The Disaster Cycle Services team is currently monitoring imminent flood threats to parts of our region.  Please review these tips to prepare your family for potential flooding.  The safety of our volunteers and staff are important to the mission.  We want to ensure your household has all the tools needed to prepare as needed.

Flooding occurs as a result of rain, snow, costal storms, storm surges, overflows of rivers, and dam failures.  Floods can be dangerous, and people die by drowning when they don’t evacuate before floodwaters come or when they enter floodwaters.  Floods can damage buildings and roads, cause power outages, and create landslides.  Flood waters carry waste and pollute drinking water.  This can develop slowly or quickly which is why it’s important to take necessary action for your family/household.

Prepare now to protect yourself and loved ones.


  • Understand your flood risk.  Educate yourself on different types of flooding that can impact your home and community.  Types of flooding: flash floods, river floods, storm surges, coastal floods, burns scars, debris flows, ice/debris jams, snowmelt, dry wash, dam breaks, and levee failures
  • Contact your local office of emergency management for advice
  • Know your home and community’s flood risk.  Visit the FEMA Flood Map Service Center and search for your home using your address
  • River floods: Know if you are in an area that is prone to river floods.  Review your evacuation plan so that you can leave quickly if officials advise you to evacuate
  • Storm surge: Be prepared to evacuate immediately if local officials advise.  A storm surge can case water levels to rise quickly and flood large areas in just minutes
  • Coastal flooding: Be prepared to evacuate immediately if local officials advise.  Move inland before flooding begins.
  • Make plans to stay safe!  Flash floods can be sudden and violent.  Sometimes you may have little to no warning.  Designate a place on higher ground that you can get to quickly.  Plan to move to higher ground before flooding begins.



  • Never walk, swim, or drive through floodwater.  Just 6 inches (15 cm) of fast-moving floodwater can knock you over, and 12 in (30 cm) can carry your vehicle away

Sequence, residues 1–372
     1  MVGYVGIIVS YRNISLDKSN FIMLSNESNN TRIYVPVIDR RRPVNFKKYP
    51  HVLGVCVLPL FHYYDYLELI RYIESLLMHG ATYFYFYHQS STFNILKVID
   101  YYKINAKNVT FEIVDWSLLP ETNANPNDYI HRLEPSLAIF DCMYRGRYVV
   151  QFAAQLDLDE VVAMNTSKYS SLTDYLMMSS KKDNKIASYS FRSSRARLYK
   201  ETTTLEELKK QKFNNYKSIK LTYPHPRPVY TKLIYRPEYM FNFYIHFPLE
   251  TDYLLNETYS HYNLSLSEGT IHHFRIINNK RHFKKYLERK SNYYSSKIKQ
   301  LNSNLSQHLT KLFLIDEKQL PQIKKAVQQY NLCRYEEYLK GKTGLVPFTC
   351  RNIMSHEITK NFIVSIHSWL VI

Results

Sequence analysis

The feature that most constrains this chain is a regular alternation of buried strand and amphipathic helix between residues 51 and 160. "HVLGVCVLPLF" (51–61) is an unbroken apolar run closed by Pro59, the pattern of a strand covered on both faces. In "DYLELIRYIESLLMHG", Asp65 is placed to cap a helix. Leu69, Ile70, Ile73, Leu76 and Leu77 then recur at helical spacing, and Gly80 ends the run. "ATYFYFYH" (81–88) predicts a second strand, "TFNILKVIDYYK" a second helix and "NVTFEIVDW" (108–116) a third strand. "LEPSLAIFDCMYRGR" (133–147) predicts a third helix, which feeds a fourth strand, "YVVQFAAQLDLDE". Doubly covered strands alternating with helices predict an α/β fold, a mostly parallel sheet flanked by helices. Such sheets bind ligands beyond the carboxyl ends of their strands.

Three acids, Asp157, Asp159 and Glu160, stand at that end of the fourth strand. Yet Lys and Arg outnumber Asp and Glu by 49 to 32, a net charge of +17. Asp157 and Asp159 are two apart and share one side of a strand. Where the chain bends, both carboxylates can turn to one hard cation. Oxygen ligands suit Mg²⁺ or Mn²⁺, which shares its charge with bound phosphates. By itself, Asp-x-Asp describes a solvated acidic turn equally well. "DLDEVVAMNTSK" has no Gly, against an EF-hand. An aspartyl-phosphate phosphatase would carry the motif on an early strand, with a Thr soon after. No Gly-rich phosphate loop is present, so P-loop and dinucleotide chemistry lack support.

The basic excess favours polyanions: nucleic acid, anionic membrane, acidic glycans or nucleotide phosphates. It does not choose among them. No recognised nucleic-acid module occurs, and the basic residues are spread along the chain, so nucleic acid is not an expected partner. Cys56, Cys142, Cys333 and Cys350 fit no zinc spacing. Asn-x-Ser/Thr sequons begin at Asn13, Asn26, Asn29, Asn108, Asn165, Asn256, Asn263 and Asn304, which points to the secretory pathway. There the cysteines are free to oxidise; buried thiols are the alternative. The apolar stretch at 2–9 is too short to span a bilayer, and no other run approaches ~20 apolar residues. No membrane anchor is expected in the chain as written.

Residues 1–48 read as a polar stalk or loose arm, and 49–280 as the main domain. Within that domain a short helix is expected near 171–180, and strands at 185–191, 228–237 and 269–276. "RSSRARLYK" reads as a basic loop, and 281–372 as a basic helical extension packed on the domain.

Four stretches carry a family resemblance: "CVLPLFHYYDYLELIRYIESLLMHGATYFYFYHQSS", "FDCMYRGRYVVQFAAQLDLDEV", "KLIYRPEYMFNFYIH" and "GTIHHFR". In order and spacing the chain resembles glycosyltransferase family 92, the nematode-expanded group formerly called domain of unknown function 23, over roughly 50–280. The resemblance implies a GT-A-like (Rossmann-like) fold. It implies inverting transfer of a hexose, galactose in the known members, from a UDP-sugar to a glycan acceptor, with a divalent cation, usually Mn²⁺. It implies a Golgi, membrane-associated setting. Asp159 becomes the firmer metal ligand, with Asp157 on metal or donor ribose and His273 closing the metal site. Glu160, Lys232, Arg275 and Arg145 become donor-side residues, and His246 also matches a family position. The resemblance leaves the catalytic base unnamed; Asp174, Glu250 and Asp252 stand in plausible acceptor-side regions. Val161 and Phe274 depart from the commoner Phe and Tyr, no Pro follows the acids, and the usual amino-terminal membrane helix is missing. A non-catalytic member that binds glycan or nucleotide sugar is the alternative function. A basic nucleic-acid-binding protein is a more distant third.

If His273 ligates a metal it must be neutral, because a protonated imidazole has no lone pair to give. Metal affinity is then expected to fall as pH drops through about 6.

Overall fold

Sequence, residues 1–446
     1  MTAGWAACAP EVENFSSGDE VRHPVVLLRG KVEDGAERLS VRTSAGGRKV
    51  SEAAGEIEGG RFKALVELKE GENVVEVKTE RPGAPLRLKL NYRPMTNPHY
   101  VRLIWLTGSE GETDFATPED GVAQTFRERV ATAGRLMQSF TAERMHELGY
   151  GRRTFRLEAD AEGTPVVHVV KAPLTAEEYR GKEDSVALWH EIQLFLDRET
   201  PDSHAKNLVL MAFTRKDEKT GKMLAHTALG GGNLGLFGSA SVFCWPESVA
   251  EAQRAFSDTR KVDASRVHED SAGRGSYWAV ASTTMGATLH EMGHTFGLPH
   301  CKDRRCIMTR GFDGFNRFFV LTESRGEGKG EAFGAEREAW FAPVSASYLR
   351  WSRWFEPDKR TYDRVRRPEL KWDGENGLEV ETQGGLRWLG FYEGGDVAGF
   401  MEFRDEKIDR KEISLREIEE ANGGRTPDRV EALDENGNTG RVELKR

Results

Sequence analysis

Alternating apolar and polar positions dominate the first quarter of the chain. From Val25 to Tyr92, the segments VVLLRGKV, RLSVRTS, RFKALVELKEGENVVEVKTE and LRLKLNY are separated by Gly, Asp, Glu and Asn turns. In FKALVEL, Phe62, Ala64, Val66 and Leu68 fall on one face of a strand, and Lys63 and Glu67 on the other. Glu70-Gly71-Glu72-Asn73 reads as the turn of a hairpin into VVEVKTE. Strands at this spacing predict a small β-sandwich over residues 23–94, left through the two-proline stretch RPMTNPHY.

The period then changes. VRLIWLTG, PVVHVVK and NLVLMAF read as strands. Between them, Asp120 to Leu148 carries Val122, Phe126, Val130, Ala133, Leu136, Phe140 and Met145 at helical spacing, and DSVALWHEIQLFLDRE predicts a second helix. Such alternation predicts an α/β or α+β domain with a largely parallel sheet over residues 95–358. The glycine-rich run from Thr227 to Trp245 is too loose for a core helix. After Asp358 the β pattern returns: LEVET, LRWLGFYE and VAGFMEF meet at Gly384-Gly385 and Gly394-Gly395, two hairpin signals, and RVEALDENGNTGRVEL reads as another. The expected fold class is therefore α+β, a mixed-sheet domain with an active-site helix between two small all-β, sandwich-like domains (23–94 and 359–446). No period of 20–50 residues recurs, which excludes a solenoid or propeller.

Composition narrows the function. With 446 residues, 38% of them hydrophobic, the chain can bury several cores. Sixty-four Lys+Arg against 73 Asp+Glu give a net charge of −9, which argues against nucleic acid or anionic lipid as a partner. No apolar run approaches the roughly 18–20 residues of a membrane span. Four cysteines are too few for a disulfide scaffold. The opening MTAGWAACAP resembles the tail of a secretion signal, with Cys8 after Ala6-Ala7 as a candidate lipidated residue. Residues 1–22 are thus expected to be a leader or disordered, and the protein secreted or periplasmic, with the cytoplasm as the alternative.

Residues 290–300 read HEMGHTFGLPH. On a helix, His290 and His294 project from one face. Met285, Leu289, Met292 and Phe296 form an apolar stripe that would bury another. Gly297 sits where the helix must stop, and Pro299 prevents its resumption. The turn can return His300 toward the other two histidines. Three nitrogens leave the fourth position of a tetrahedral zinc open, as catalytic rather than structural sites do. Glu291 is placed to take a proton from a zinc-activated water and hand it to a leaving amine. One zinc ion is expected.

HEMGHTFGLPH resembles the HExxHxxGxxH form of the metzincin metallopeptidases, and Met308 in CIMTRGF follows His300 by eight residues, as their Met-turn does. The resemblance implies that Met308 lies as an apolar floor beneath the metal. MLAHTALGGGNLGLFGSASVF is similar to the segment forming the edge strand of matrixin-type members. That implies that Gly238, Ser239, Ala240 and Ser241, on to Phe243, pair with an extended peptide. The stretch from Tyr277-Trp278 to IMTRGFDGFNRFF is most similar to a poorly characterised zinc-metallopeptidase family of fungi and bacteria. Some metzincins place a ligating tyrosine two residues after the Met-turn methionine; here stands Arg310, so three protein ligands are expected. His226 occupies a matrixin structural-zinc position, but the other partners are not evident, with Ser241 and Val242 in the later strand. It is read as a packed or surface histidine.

Prevent Injuries

  • Understand the dangers you may face and keep your loved ones safe
  • If you evacuated, wait for officials to say it is safe before going home
  • Avoid fallen power lines, poles, and wires.  They can electrocute you
  • Watch out for falling trees and other debris
  • Use flashlights or battery-powered lanterns, rather than candles, to reduce fire risk
  • Many injuries occur during cleanup.  Wear protective equipment, or PPE, like boots, long pants, work gloves, eyewear, and an N95 respirator to protect your lungs.  Follow the advice of local public health officials
  • Learn how to use equipment safely.  Do not touch electrical equipment if it is wet or if you are standing in water because you could get electrocuted.
  • Cleaning up is a big job.  Take care of yourself.  Work with a partner and take frequent breaks.
  • If your home was flooded:
    • If possible, dry your home and everything in it as quickly as you can within 24-48 hours.
    • If you cannot return to dry your home within 24-48 hours, you should assume mold growth and make sure you don’t still have a moisture problem
  • Keep wet areas well-ventilated.  Throw away wet materials that can’t be repaired or dried
  • Precent carbon monoxide poisoning.  Gasoline, propane, natural gas, or charcoal-burning devices should never be used inside a home, basement, garage, tent, or camper- or event outside near an open window.  Carbon monoxide can’t be seen or smelled, but it can kill you fast.  If you start to feel sick, dizzy, or weak, get to fresh air right away- do not delay.

Protect Your Health

  • Flooding can contaminate drinking water.  Check with your local public health department about drinking water safety.
  • Don’t get sick from eating spoiled food.  Throw out food that got wet or warm.  When in doubt, throw it out!
  • Stay away from floodwaters.  They may contain sewage, sharp items, and chemicals that can make you ill.

Take Care of Yourself

  • It’s normal to have a lot of bad feelings, stress, or anxiety
  • Eat healthy food and get enough sleep t help you deal with stress
  • You can contact the Disaster Distress Helpline for FREE if you need to talk to someone.  Call or text 1-900-985-5990

For more info, visit and download the Emergency App on iOS or Google Play